HDX repair

This is my first post here and I have enjoyed reading the discussions.
I bought a second hand hdx for £1000 a few years ago. It was working great but broke down and was fixed by my excellent Nottingham retailer. When it broke down again they said they could not fix it, and enquired of NAIM who said it would be £800 which seems a lot. Do people think this is worth it? Is there anyone else who could repair it (I tried a few online adverts but they said they couldn’t)
Philip

What exactly is wrong with it? I mean what are the symptoms?

Naim does charge a vast amount to repair and service an HDX. It’s almost certainly not worth it. The HDX, lovely though it is, is totally obsolete and if you are in the UK then I doubt that you will find anyone else able to do it, although I understand a few of the top Naim dealers have invested in the capability to do many of the more common repairs, like changing an HD for example.

But if it were me, then I would buy a UnitiCore (I did buy a UnitiCore!), but many here will tell you to buy a NAS instead or to buy a ripper/server from a third party.

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Indeed, I have ripped my CD collection, stored on a large SSD, backed up twice on two servers, one of which is not in this house. My streamer is a Roon (other server software is around) based NUC, and my music is on a second SSD within the NUC. My music is backed up to a mechanical NAS drive.

If you can access the music stored on the HDX, I’d go down a different route. There are other formats that perform better than PCM, thinking about DSD personally, which Roon will convert a PCM file too on the fly. However, native DSD is far better. It is interesting how a popular ripping utility now gives the option of DSD ripping.

Or, save yourself a lot of hassle. Don’t bother ripping anything, just stream from Qobuz.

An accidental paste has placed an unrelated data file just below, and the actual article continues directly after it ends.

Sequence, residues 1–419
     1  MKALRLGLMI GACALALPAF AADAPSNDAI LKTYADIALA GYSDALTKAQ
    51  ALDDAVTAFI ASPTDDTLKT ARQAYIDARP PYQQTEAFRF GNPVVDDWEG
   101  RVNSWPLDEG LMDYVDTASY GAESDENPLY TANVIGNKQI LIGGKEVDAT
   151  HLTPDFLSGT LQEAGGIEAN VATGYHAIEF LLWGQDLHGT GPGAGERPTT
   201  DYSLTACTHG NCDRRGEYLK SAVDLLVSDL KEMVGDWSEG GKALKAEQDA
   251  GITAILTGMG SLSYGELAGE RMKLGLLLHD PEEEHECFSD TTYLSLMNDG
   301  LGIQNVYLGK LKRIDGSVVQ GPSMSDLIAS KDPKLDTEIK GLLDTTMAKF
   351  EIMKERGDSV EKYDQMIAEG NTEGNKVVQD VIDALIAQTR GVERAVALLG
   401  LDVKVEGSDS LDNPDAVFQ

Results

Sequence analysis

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Until your broadband supplier can’t be bothered to come out and fix for 3 weeks or so….happened to me twice. Now with a new supplier….but my Qobuz only dream was some what shattered. I post while listening to Qobuz which is brilliant.

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I bought my HDX new, for a heck of a lot more than £1000
I’ve now owned it for around 9 years.
If it were to fail now, I’d probably not bother getting it repaired if it were going to cost £800
I feel I’ve probably had my money’s worth from the unit.
As I’ve ripped all of my CD’s and only occasionally buy or receive as gifts CD’s these days, I’d simply use my existing QNAP / Synology NAS drives and rip using dBpoweramp on my computer.
I should add that I also have an NDX2, so streaming, iRadio etc. are all handled by that these days. My HDX has simply become a ripper/storage unit anyway.

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I’ve ripped a lot of my CD’s, I am re-ripping them using dBpoweramp to DSD, a DSD stream will leave a CD PCM encoded file sound soulless in comparison, you need a proper DSD DAC though, a DAC that implements DSD by converting it to PCM is not the same. It leaves me thinking which chip Naim will use when all stocks of the now discontinued DAC they use run out?